It’s nice to see that Mr. Goldberg is so concerned over the budget limited customers who, under my speed based pricing philosophy, might never enjoy the benefits of higher speed tiers because of the extra cost. Too bad he fails to mention that under the existing UBB pricing scheme, not only are the higher speed tiers still more expensive than the lower speed tiers, the same deprived low speed customers will now be charged as much as five dollars per Gigabyte if they ever go over their already ridiculously low monthly data allowances!
“Sorry kids! It’s macaroni & cheese night again!”
Let’s be realistic here. Does it really cost the large corporations up to $5 per Gigabyte to transfer data over a private network that they own and control? And if the large corporations are experiencing congestion problems caused by the 6% market share the independents currently possess – congestion that has yet to be proven beyond a reasonable doubt in any public forum – then maybe the large corporations should have never oversold their network capacity in the first place, or at the very least have hired people competent enough to properly manage their network infrastructures so they wouldn’t find themselves in a pile of congestion issues in the first place.
I make no apologies for mentioning the former and future positions of the CRTC commissioners in my video. I had to find a quick way to point out that these individuals find themselves in a position of conflict of interest every time they preside over matters that can affect the prospects of their former and future employers. If the CRTC were operated more like a courtroom however, the affected commissioners would have no other choice but to sit out of any proceedings where they can be unduly influenced by their former or future ties with the participants.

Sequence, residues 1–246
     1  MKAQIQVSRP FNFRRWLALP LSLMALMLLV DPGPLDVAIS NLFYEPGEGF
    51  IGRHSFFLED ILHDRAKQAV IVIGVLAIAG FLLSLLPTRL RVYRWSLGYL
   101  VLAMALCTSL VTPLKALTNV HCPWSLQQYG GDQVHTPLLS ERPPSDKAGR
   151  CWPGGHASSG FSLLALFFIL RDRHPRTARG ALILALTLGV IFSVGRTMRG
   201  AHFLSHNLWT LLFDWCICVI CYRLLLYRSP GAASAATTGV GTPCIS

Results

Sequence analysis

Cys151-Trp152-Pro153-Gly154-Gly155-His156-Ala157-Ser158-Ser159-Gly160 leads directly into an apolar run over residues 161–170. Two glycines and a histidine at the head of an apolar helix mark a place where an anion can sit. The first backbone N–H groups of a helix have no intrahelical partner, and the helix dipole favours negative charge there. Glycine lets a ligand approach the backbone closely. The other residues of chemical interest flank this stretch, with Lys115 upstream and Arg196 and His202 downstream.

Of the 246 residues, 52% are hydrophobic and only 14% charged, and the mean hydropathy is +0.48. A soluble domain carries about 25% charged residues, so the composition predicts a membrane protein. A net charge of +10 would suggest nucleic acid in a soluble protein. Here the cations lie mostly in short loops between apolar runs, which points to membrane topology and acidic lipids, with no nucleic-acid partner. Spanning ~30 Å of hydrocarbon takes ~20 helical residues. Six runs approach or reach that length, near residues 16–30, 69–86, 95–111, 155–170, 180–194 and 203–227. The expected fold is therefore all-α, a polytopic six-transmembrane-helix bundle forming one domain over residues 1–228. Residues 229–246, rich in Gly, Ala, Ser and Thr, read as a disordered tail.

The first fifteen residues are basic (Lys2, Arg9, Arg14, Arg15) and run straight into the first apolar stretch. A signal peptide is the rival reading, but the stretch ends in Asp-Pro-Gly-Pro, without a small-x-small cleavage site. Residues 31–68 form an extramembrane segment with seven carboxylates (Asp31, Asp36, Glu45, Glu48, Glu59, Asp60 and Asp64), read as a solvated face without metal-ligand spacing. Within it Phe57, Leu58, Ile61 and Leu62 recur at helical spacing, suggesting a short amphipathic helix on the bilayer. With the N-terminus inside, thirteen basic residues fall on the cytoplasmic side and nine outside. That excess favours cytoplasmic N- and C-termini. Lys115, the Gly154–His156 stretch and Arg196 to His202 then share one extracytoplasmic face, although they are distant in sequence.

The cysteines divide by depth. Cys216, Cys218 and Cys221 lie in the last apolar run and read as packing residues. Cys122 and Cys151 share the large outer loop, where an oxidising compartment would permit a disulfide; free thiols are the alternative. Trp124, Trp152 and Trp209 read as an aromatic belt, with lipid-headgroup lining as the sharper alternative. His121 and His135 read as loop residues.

And if, like in a courtroom, the participants were under oath with the possibility of criminal charges and prison time for committing perjury in front of the Commission, we wouldn’t have to worry so much about the possibility of the participants lying to the Commission in order to achieve their goals, something which is now extremely easy to do simply by filing your paperwork “in confidence.”
The decision over Usage-Based Billing is possibly the worst decision the Commission has ever made in its entire history, one that even I had never expected considering my extremely positive experiences with the Commission during these last few years. This decision now allows the owners of the “last mile” to charge exorbitant and unreasonable usage fees for access to a private network which already generates a profit each and every month, with the added benefit of protecting the large corporations’ non-Internet based media outlets, and possibly wipe out what little competition this nation already has.
At the very least, Usage-Based Billing should have never been imposed on the independent ISPs who already pay in full for their access to the internal network each and every month. But now, we run the very high risk of ending up with no Internet competition at all, and be forced to choose between no Internet service and no cash in our pockets.
And as demonstrated at the end of my video, no control over our own nation.
Think about that during the upcoming election campaign.